The murder of protected persons became part of domestic law through Article 135, in Title II of Law No. 599 of 2000 [Colombia’s Penal Code], under the heading “Offences against persons and objects protected under international humanitarian law”. The article contains the following definitions:
… For the purposes of this article and the other rules of the present Title, it is understood that the term ‘protected persons’ according to international humanitarian law includes:
5. Journalists on mission or accredited war correspondents. 
Colombia, Supreme Court of Justice, Fuentes Montaño case, Judgment, 27 January 2010, pp. 24–25.
In 2010, in the El Iguano case, the Justice and Peace Chamber of Colombia’s High District Court of Bogotá convicted a member of the paramilitary group Autodefensas Unidas de Colombia (United Self-Defence Forces of Colombia) of several crimes committed against the civilian population. The Court stated that “the protected persons mentioned in article 135 of the [2000] Penal Code [on the prohibition of killing protected persons during an armed conflict] fall into these categories: … 3) … journalists or authorized war correspondents”.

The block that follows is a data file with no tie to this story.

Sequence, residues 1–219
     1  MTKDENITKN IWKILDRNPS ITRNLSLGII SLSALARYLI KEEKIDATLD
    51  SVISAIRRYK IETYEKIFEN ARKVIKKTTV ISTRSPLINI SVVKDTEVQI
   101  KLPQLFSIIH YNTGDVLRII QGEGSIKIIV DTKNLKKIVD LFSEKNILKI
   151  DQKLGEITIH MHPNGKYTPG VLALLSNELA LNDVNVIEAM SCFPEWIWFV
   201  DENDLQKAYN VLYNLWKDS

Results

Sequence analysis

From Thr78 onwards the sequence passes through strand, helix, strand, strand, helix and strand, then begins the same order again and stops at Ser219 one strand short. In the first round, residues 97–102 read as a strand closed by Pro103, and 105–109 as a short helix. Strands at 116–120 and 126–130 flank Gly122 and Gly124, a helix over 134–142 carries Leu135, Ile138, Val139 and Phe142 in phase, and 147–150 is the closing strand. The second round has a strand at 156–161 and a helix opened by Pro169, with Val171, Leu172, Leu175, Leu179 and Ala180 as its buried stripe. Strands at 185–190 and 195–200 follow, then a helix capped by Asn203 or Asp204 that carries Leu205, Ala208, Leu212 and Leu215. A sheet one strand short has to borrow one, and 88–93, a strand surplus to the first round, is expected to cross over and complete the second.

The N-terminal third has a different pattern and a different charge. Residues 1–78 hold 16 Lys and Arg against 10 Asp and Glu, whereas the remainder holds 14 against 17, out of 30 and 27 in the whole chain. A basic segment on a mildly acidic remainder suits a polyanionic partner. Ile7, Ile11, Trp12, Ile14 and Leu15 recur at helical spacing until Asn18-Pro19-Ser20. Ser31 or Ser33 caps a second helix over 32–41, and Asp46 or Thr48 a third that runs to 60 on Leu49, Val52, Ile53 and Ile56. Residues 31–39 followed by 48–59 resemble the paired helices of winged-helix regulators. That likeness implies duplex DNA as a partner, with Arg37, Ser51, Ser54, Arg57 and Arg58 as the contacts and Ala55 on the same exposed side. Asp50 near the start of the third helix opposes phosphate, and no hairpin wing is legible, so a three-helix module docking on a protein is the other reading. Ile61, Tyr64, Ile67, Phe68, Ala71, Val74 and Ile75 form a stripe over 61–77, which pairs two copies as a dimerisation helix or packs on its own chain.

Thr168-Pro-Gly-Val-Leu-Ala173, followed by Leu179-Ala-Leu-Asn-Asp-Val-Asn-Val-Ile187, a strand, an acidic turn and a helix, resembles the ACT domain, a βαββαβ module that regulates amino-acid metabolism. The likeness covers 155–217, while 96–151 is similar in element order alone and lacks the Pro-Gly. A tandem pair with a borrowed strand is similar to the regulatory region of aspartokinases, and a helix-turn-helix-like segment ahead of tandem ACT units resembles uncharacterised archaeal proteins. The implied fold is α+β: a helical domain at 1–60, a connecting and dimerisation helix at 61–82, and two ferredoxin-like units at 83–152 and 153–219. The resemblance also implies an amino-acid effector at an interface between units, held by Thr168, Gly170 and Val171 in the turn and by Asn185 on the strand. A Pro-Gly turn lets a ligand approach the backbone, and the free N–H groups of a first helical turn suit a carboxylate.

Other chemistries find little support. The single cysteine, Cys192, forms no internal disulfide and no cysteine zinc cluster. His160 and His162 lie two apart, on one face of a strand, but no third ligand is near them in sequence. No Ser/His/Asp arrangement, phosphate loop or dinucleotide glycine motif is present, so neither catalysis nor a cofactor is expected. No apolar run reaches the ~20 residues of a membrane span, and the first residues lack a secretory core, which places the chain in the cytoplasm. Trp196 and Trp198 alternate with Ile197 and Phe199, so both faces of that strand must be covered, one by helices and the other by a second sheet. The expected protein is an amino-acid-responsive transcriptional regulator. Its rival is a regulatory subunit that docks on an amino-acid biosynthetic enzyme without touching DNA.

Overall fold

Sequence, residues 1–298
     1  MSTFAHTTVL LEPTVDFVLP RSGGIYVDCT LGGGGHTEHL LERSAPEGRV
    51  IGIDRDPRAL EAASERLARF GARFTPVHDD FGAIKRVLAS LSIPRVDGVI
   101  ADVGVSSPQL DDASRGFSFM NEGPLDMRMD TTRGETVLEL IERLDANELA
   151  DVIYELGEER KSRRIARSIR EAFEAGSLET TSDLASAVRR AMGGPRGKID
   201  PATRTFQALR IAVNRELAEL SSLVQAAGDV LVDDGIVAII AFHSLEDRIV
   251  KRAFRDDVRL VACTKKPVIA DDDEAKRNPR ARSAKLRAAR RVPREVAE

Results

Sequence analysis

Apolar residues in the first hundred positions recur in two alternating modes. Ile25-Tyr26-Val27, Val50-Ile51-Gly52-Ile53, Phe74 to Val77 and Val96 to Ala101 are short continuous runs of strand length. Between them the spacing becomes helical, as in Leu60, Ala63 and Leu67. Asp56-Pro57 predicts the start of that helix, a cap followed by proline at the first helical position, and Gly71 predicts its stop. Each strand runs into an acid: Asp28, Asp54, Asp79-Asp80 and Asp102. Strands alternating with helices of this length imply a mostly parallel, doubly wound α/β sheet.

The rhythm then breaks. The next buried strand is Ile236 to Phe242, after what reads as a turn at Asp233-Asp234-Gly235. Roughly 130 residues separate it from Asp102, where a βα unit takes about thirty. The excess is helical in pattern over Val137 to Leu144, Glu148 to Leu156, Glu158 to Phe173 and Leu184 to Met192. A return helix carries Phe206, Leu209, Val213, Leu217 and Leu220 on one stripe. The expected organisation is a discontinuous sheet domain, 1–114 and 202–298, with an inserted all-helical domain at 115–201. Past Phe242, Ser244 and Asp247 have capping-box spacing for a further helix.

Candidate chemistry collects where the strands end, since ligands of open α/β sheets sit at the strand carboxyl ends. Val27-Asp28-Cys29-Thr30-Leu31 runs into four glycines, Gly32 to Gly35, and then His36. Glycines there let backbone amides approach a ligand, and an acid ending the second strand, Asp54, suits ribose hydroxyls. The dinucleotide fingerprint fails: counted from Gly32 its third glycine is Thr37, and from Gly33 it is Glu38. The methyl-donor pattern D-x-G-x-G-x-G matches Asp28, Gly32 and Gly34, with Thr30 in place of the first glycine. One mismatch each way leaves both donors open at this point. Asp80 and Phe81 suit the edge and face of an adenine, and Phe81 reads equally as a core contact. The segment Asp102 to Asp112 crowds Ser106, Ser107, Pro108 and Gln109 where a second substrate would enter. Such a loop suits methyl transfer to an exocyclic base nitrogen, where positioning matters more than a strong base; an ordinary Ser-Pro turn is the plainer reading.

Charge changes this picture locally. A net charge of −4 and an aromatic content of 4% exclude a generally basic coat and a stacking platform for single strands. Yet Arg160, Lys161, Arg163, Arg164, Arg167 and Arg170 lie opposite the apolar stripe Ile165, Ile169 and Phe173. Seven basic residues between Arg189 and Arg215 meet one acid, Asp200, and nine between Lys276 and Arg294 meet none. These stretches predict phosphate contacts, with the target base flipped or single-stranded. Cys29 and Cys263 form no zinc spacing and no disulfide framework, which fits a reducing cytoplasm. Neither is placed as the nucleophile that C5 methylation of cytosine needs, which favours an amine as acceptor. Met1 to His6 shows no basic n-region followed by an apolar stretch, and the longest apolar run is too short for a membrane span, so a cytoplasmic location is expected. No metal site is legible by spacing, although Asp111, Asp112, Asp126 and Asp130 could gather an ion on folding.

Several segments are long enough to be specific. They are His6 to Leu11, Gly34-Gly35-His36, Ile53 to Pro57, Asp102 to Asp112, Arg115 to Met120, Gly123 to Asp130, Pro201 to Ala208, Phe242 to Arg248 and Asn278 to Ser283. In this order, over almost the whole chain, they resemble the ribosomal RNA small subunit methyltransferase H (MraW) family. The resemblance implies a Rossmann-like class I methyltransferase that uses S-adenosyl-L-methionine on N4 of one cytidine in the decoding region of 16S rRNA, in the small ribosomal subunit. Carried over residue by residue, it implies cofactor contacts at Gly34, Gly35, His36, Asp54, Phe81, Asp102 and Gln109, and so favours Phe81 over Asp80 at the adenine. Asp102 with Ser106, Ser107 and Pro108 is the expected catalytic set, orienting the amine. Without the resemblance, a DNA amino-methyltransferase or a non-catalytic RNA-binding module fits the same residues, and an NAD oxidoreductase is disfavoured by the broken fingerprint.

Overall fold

Colombia, High District Court of Bogotá, El Iguano case, Judgment, 2 December 2010, § 216.
In 2008, in its Comprehensive Human Rights and IHL Policy, the Ministry of National Defence of Colombia stated:
121. The constitutional mandate which requires the National Security Forces to guarantee people’s rights and freedoms also carries an obligation to adopt measures in relation to special groups whose needs have to be addressed in specific ways … in accordance with Article 13 of the Constitution. Indigenous peoples, persons of African descent, displaced persons, women, children, victims of forced disappearance, human rights activists, trade unionists, journalists, members of the Medical Mission and persons covered by precautionary measures and provisional measures under the Inter-American Human Rights System are amongst the sectors of the population identified as groups whose needs must be specifically addressed.
122. The Ministry of Defence issues directives identifying the individual and collective rights of these groups and the special duties and obligations of the State in relation to them. It also issues general preventive and protective guidelines which must be disseminated at all levels by the National Security Forces. …